New York Times – Opinion
Why I Am Now Deeply Worried for America
Paul Krugman – February 12, 2024
Until a few days ago, I was feeling fairly sanguine about America’s prospects. Economically, we’ve had a year of strong growth and plunging inflation — and aside from committed Republicans, who see no good, hear no good and speak no good when a Democrat is president, Americans appear to be recognizing this progress. It has seemed increasingly likely that the nation’s good sense would prevail and democracy would survive.
But watching the frenzy over President Biden’s age, I am, for the first time, profoundly concerned about the nation’s future. It now seems entirely possible that within the next year, American democracy could be irretrievably altered.
And the final blow won’t be the rise of political extremism — that rise certainly created the preconditions for disaster, but it has been part of the landscape for some time now. No, what may turn this menace into catastrophe is the way the hand-wringing over Biden’s age has overshadowed the real stakes in the 2024 election. It reminds me, as it reminds everyone I know, of the 2016 furor over Hillary Clinton’s email server, which was a minor issue that may well have wound up swinging the election to Donald Trump.
As most people know by now, Robert Hur, a special counsel appointed to look into allegations of wrongdoing on Biden’s part, concluded that the president shouldn’t be charged. But his report included an uncalled-for and completely unprofessional swipe at Biden’s mental acuity, apparently based on the president’s difficulty in remembering specific dates — difficulty that, as I wrote on Friday, everyone confronts at whatever age. Hur’s gratuitous treatment of Biden echoed James Comey’s gratuitous treatment of Clinton — Hur and Comey both seemed to want to take political stands when that was not their duty.
It’s a case of bureaucrats overstepping their bounds in a way that’s at best careless and at worst malicious.
Yes, it’s true that Biden is old, and will be even older if he wins re-election and serves out a second term. I wish that Democrats had been able to settle on a consensus successor a year or two ago and that Biden had been able to step aside in that successor’s favor without setting off an intraparty free-for-all. But speculating about whether that could have happened is beside the point now. It didn’t happen, and Biden is going to be the Democratic nominee.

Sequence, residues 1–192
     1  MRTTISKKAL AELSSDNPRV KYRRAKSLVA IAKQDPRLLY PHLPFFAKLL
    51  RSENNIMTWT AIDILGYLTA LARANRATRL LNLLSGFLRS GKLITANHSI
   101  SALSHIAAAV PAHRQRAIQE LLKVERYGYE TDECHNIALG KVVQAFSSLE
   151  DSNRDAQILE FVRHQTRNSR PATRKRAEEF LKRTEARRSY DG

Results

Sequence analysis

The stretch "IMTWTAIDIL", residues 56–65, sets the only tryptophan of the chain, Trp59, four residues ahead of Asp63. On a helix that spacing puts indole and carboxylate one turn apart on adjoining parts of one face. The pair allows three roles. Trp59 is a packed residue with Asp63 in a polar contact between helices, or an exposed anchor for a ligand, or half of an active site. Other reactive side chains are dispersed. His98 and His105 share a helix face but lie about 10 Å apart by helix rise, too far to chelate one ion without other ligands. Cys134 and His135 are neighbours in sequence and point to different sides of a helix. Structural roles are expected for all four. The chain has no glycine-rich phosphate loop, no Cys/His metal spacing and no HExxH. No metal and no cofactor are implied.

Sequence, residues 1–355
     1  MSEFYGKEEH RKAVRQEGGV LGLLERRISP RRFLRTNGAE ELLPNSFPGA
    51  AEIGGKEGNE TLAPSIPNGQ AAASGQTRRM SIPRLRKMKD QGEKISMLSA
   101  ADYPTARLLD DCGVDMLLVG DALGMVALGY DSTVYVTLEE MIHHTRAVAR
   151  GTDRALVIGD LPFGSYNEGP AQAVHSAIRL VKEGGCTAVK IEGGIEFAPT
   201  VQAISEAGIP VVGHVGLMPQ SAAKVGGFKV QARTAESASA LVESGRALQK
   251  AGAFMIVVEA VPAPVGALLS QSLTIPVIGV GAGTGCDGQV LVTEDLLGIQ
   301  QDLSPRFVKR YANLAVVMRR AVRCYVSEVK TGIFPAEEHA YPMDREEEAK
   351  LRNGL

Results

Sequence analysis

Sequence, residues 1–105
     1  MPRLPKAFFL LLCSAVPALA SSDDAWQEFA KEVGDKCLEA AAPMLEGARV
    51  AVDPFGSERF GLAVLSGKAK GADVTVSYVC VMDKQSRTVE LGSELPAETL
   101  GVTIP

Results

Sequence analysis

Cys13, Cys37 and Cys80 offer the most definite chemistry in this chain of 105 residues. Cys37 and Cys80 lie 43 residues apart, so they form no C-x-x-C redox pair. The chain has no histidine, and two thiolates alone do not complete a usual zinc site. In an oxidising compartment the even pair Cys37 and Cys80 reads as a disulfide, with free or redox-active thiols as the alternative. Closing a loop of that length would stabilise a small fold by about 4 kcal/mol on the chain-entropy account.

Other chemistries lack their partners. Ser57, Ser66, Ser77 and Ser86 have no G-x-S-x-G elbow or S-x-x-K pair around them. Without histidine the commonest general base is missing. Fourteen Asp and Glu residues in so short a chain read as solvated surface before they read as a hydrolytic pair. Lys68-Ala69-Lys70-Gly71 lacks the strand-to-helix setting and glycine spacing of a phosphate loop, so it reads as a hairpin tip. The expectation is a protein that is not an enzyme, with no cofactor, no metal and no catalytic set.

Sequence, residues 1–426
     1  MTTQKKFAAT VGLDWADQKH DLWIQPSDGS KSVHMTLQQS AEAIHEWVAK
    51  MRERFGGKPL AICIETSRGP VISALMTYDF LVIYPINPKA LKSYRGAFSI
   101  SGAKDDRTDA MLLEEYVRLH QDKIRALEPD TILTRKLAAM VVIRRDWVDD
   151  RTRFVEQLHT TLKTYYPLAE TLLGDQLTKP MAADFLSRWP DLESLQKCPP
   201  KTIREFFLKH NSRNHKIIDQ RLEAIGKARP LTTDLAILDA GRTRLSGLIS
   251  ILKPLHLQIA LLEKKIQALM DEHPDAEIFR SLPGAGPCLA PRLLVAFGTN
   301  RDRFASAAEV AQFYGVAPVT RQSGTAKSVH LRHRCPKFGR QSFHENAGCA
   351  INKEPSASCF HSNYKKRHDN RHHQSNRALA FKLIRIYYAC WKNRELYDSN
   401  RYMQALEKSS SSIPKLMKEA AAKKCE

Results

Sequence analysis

It’s also true that many voters think the president’s age is an issue. But there’s perception and there’s reality: As anyone who has recently spent time with Biden (and I have) can tell you, he is in full possession of his faculties — completely lucid and with excellent grasp of detail. Of course, most voters don’t get to see him up close, and it’s on Biden’s team to address that. And yes, he speaks quietly and a bit slowly, although this is in part because of his lifetime struggle with stuttering. He also, by the way, has a sense of humor, which I think is important.
Most important is that Biden has been a remarkably effective president. Trump spent four years claiming that a major infrastructure initiative was just around the corner, to the point that “It’s infrastructure week!” became a running joke; Biden actually got legislation passed. Trump promised to revive American manufacturing, but didn’t. Biden’s technology and climate policies — the latter passed against heavy odds — have produced a surge in manufacturing investment. His enhancement of Obamacare has brought health insurance coverage to millions.
If you ask me, these achievements say a lot more about Biden’s capacity than his occasional verbal slips.
And what about his opponent, who is only four years younger? Maybe some people are impressed by the fact that Trump talks loud and mean. But what about what he’s actually saying in his speeches? They’re frequently rambling word salads, full of bizarre claims like his assertion on Friday that if he loses in November, “they’re going to change the name of Pennsylvania.”
As I also wrote last week, Trump’s speeches make me remember my father’s awful last year, when he suffered from sundowning — bouts of incoherence and belligerence after dark. And we’re supposed to be worried about Biden’s mental state?
Over the past few days, while the national discussion has been dominated by talk about Biden’s age, Trump declared that he wouldn’t intervene to help “delinquent” NATO members if Russia were to attack them, even suggesting that he might encourage such an attack. He seems to regard NATO as nothing more than a protection racket and after all this time still has no idea how the alliance works. By the way, Lithuania, the NATO member that Trump singled out, has spent a larger percentage of its G.D.P. on aid to Ukraine than any other nation.
Again, I wish this election weren’t a contest between two elderly men and worry in general about American gerontocracy. But like it or not, this is going to be a race between Biden and Trump — and somehow the lucid, well-informed candidate is getting more heat over his age than his ranting, factually challenged opponent.
As I said, until just the other day I was feeling somewhat optimistic. But now I’m deeply troubled about our nation’s future.